While we obviously don’t want actual cats roaming our stacks, we consulted our online catalog and found this selection of photogenic archival felines.

Read the full post on the AOTUS blog.

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Some might say the best part of sleeping over at the National Archives is snoozing the night away beneath the Constitution, but we know the best part is having the Archivist of the United States make you pancakes for breakfast!

Three times a year, kids and their parents can stay overnight at the National Archives. And the next morning, David S. Ferriero is there, taking a break from his job as head of the agency to flip pancakes for our guests.

We asked him to share his favorite recipe that he uses when he makes pancakes at home–and now you can make pancakes just like the Archivist!

The Archivist’s Pancakes

Yield: 30 pancakes—depending on size

Ingredients:

2 cups all purpose flour
4 tsp baking powder
4 tbsp sugar
1 tsp salt
2 cups milk
4 tbsp melted butter
2 large eggs

Directions:

1.  Mix together flour, sugar, baking powder, and salt

2. Separately mix together milk, butter and eggs

3.  Add dry ingredients to wet and mix—don’t overmix

4.  Spoon or pour batter (amount dependent upon how big you want them) onto griddle or frying pan

5. Sprinkle on chocolate chips or berries and cook for a couple of minutes until underside is brown

6. Flip and cook another couple of minutes

Robert H. Bahmer - National Archives, 2/3/1941

Series: Identification Cards for Employees, 1941 - 1942Record Group 64: Records of the National Archives and Records Administration, 1789 - ca. 2007

Dated 75 years ago on February 3, 1941, this is the Identification Card for National Archives staff member Robert Bahmer, who would ultimately go on to become Fourth Archivist of the United States. 

DYK? The current Archivist of the United States, David Ferriero, is also on Tumblr at @aotus!

Browse more vintage @usnatarchives ID cards in the National Archives Catalog

Via the George W. Bush Presidential Center:

As part of the Dedication Ceremonies, President and Mrs. Bush presented the George W. Bush Presidential Library and Museum to the National Archives and Records Administration (NARA), which will operate the Library and Museum. The Bush Center and NARA signed a joint use agreement at a ceremony in Freedom Hall today.

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NOTE: If you liked this review go over to @rad-project and check out more reviews by @t0m-paul. Be sure to follow him if you like what you see. We wouldn’t have this post without him.

@CrashRecords: “If you want an early listen to new Last Shadow Puppets album we will be playing it in full tomorrow from 12 noon.”


@t0m-paul from the AMUS forum went to Crash Records and got an early listen to EYCTE by The Last Shadow Puppets, here’s a song by song desription of his experience:

Aviation - fuck me this is fantastic. Definitely AOTU-esque.

Miracle aligner - great vocals, almost unrecognisable as Alex. A swooning number. Guitar solos are so cool!

Dracula teeth - STRINGS SO GOOD. More of the 60s AOTU vibe here.

EYCTE - We know the deal with this one.

The element of surprise - this one is groovy, almost like a disco tune! Cannot wait for you all to hear it.

Bad Habits - same again.

Sweet dreams, TN - the lyrics actually DO work! Alex’s vocal is superb. Really sweet/pretty song. Simple but effective.

Used to be my girl - dark, sexy vibe with snarling guitar. Miles does well (take that, h8ers). It’s got sort of a QOTSA groove to it. Nice harmonies.

She does the woods - Alex kills it again. He continues to amaze. Ominous tone. Stabbing strings, kinda like bad habits, but less extreme. Definitely reminiscent of the vibe of the teaser videos.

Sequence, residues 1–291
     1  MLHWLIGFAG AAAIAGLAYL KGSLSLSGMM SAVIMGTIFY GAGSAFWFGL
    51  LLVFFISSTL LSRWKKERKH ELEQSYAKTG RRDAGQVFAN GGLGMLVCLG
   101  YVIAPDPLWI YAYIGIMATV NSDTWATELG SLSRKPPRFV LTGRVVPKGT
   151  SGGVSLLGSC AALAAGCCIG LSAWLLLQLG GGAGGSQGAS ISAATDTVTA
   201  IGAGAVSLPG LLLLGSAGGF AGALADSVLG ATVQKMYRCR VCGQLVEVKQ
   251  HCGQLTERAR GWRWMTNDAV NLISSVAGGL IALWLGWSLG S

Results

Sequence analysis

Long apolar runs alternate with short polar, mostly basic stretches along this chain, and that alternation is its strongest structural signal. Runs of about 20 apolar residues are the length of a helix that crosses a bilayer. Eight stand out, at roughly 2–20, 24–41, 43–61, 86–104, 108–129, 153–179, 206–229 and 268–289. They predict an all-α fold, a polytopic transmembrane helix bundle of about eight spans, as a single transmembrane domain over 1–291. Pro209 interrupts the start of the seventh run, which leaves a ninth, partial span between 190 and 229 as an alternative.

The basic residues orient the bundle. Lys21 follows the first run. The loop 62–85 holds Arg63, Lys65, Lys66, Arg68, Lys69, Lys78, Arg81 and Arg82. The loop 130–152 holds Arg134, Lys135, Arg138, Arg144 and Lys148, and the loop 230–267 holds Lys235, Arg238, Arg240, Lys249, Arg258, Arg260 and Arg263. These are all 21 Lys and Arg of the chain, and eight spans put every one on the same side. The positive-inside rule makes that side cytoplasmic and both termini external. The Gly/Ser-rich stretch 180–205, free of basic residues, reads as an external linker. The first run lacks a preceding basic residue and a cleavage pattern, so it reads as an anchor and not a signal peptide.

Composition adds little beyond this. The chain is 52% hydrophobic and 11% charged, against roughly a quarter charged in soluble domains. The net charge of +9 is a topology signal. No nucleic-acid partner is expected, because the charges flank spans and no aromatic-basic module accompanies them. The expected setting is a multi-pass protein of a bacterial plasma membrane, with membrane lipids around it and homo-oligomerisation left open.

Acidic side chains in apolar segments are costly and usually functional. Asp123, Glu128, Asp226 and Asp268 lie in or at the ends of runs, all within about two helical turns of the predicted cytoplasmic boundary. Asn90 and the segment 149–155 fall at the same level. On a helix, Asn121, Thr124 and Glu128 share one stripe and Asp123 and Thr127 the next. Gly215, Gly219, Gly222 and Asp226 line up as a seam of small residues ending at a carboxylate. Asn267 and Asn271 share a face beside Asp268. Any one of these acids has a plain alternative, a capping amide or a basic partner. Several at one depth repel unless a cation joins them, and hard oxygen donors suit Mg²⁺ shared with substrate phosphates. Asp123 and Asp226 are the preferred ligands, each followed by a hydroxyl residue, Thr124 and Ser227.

Pattern - really pretty, bright guitar lead. Miles actually sings (?!). LOVE the strings on this one. Lives up to the hype.

The dream synopsis - how is it already over  pretty much just Alex and piano. Strings come creeping in. Lyrics make so much sense in the context of the music.”

check out the forum for more


Bonus “who sings what”:

1. Aviation = Miles Kane
2. Miracle Aligner = Alex Turner
3. Dracula Teeth = Alex Turner
4. Everything You’ve Come To Expect = Alex Turner
5. The Element Of Surprise = Alex Turner
6. Bad Habits = Miles Kane
7. Sweet Dreams, TN = Alex Turner
8. Used To Be My Girl = Miles Kane first verse, Alex Turner second, rest both
9. She Does The Woods = Alex Turner
10. Pattern = Miles Kane
11. The Dream Synopsis = Alex Turner

#ColorOurCollections

In celebration of the New York Academy of Medicine’s #ColorOurCollections campaign this week, many museums, libraries, and archives hopped on the adult coloring bandwagon and created coloring books to share on Twitter. We’ve been participating by posting various images throughout the week for people to color, from Rosie the Riveter to the Faulkner murals.

Now we have a coloring book as well! We’ve chosen some of our favorite patents from our holdings for you to color: The National Archives Coloring Book of Patents 2016

Or, browse our online catalog for more fascinating patents to color! Share your coloring creations with us on using the hashtag #ColorOurCollections.

Read the full post on the AOTUS blog.

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On Friday, the Washington Capitals mascot, Slapshot, stopped by the National Archives. He posed in the Rotunda for the Charters of Freedom with David S. Ferriero, Archivist of the United States, and checked out the Declaration of Independence, the Constitution of the United States, and the Bill of Rights.

Go Caps!

National Archives photo by Jeffrey Reed

National Archives Hosts WikiConference USA

The National Archives is proud to be the co-organizer and host site of WikiConference USA, which is being held in the National Archives Building in Washington D.C. Oct. 9–11. WikiConference USA is the annual national conference of Wikimedia enthusiasts and volunteers in the United States, and is open to anyone—regardless of their level of Wikipedia editing experience or skepticism.